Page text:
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Effect of molecular structure on the gas permeability of cellulose aliphatate esters


In this work, four kinds of cellulose aliphatate esters, cellulose acetate (CA), cellulose propionate (CP), cellulose butyrate (CB) and cellulose acetate butyrate (CAB) are synthesized by the homogeneous acylation reactions in cellulose/AmimCl solutions. These cellulose aliphatate esters are used to prepare gas separation membranes and the effects of molecular structure, such as substituent type, degree of substitution (DS) and distribution of substituents, on the gas permeability are studied. For CAs, as the DS increases, their gas permeabilities for all five gases (O2, N2, CH4, CO and CO2) increase, and the ideal permselectivity significantly increases first and then slightly decreases. At similar DS value, the homogenously synthesized CA (distribution order of acetate substituent: C6 > C3 > C2) is superior to the heterogeneously synthesized CA (distribution order of acetate substituent: C3 > C2 > C6) in gas separation. With the increase of chain length of aliphatate substituents from acetate to propionate, and to butyrate, the gas permeability of cellulose aliphatate esters gradually increases. The cellulose mixed ester CAB with short acetate groups and relatively long butyrate groups exhibits higher gas permeability or better permselectivity than individual CA or CB via the alteration of the DS of two substituents.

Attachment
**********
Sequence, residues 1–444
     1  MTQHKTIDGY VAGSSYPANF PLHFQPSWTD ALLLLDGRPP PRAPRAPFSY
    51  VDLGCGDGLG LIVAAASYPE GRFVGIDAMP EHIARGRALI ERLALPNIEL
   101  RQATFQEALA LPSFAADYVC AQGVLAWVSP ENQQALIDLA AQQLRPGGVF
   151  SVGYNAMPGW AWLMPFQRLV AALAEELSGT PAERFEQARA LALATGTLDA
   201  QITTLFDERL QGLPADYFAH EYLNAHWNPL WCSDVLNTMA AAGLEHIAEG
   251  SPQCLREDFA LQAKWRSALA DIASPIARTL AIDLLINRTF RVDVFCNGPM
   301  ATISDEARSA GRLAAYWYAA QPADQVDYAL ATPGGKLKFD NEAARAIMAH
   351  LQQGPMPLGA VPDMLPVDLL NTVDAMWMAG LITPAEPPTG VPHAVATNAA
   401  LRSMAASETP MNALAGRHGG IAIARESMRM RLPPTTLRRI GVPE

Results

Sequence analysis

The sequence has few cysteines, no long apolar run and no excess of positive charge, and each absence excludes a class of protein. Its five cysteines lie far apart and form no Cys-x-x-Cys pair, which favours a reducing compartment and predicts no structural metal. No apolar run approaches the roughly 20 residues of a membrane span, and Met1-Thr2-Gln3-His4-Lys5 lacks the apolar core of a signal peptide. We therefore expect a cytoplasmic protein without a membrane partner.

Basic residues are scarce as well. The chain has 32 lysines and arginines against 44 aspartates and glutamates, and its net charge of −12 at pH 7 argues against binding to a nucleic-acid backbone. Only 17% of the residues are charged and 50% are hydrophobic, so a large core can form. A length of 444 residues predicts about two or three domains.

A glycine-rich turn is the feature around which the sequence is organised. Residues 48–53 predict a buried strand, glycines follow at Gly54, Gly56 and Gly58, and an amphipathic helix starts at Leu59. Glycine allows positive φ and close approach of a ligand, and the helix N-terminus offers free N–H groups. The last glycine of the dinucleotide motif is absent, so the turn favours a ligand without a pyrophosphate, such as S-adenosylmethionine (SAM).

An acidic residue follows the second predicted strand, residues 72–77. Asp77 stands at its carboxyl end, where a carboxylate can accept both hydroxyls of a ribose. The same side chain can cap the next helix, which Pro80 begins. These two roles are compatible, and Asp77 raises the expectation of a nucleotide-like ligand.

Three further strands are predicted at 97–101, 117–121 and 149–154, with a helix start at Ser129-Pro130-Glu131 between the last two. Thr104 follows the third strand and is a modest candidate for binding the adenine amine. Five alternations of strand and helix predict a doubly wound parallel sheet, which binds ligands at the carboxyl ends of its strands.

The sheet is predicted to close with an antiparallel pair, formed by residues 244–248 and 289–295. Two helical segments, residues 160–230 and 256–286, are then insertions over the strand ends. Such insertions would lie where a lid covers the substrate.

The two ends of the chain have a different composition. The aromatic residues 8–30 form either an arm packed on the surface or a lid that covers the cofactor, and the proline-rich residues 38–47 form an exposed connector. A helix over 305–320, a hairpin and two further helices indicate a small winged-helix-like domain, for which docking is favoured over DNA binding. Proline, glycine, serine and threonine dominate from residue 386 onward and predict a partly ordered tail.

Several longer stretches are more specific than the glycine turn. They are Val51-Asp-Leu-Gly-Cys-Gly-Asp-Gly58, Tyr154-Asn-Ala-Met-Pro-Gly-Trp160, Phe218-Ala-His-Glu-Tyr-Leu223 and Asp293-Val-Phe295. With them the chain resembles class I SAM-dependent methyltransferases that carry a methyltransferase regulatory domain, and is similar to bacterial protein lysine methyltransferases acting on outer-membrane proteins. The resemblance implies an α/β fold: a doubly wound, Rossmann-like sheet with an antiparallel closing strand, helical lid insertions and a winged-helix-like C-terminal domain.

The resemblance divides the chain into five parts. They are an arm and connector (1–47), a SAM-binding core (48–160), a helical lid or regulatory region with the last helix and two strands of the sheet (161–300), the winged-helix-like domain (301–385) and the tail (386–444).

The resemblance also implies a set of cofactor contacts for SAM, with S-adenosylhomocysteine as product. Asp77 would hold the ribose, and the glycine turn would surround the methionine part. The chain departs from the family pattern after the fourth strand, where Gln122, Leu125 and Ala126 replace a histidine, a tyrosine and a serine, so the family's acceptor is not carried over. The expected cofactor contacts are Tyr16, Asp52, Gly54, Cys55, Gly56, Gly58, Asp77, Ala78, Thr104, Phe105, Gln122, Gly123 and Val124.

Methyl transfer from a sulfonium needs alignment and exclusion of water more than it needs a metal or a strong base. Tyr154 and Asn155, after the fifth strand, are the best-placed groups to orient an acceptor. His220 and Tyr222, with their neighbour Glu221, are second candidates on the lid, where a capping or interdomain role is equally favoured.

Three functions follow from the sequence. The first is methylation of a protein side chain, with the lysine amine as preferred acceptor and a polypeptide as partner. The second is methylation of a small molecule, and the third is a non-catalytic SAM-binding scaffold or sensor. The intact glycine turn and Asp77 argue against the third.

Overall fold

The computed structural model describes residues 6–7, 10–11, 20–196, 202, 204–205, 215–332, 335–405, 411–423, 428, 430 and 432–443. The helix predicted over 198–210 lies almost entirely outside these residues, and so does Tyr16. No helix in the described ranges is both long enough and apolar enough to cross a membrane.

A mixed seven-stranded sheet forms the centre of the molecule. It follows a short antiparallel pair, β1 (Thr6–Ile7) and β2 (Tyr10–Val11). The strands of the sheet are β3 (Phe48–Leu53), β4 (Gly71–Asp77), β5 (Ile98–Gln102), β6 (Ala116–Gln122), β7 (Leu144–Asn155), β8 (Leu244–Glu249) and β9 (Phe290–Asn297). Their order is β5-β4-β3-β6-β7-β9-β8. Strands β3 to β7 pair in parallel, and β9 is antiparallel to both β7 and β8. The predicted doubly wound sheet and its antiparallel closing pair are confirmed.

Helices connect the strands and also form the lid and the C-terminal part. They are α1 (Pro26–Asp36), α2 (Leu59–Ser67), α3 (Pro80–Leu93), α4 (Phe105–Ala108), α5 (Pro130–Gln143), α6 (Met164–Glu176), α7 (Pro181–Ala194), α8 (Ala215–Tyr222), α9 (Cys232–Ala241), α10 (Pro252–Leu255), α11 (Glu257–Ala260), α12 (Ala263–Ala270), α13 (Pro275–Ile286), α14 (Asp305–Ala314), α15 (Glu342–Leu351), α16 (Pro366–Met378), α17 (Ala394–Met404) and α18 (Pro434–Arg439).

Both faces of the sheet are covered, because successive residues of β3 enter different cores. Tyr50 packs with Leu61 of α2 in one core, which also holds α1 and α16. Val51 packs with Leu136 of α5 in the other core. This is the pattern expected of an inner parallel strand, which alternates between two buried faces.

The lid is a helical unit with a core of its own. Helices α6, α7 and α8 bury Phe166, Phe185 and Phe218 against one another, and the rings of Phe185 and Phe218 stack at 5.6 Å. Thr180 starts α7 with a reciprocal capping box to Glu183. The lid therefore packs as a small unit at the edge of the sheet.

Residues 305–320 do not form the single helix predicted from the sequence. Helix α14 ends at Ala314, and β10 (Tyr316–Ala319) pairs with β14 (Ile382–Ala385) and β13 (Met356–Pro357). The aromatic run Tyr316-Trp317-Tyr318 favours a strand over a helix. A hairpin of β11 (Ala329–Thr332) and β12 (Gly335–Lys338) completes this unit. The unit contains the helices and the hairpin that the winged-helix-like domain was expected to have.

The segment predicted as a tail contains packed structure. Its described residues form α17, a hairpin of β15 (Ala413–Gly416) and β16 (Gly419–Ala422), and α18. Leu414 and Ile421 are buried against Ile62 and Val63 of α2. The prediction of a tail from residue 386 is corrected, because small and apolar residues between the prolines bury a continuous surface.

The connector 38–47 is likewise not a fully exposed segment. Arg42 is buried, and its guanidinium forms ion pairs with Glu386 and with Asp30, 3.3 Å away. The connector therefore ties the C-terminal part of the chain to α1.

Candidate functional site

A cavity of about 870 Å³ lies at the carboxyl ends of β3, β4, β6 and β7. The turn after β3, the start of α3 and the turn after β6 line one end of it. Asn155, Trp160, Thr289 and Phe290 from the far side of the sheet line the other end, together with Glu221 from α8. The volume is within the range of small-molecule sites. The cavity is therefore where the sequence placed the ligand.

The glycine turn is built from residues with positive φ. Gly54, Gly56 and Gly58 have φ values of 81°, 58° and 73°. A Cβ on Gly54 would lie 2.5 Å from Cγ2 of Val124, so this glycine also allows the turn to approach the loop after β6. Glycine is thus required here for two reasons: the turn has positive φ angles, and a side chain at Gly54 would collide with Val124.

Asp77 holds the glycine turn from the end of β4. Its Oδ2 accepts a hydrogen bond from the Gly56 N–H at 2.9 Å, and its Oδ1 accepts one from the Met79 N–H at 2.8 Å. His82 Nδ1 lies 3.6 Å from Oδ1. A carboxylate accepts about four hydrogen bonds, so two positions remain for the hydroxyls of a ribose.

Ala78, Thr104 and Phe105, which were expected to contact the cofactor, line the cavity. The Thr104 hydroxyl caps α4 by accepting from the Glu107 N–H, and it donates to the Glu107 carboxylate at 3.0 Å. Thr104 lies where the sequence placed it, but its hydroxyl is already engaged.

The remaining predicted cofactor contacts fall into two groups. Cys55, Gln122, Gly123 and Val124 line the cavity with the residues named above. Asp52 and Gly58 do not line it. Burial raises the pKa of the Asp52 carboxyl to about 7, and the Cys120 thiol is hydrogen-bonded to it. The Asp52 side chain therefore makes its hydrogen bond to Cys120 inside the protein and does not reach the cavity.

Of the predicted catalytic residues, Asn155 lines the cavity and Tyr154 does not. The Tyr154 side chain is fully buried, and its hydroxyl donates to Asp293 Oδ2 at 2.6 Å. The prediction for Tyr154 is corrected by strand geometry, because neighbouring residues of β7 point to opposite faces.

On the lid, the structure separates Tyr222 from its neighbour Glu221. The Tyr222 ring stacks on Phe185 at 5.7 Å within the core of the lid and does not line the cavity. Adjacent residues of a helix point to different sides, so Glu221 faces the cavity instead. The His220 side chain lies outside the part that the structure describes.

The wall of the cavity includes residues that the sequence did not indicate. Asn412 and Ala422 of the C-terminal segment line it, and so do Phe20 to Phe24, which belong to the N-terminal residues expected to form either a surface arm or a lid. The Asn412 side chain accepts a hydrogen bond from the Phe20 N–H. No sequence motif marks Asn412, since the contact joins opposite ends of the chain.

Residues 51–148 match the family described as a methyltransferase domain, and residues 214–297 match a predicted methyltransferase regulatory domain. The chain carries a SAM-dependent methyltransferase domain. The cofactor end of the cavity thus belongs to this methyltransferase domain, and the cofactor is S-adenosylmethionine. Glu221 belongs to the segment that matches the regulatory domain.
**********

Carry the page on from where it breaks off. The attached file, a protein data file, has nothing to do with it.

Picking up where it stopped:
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Corresponding author

Correspondence to Jun Zhang.

Additional information

This work was financially supported by the National Natural Science Foundation of China (Nos. 21174151 and 51103167), Main Direction Program of Knowledge Innovation of Chinese Academy of Sciences (Nos. KJCX2-YW-H-19 and KJCX2-YW-H30-03), and the Major State Basic Research Development Program of China (973 Program) (No. 2010CB934705).

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Chen, J., Zhang, Jm., Feng, Y. et al. Effect of molecular structure on the gas permeability of cellulose aliphatate esters. Chin J Polym Sci 32, 1–8 (2014).

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  • Cellulose aliphatate ester
  • Structure
  • Gas permeability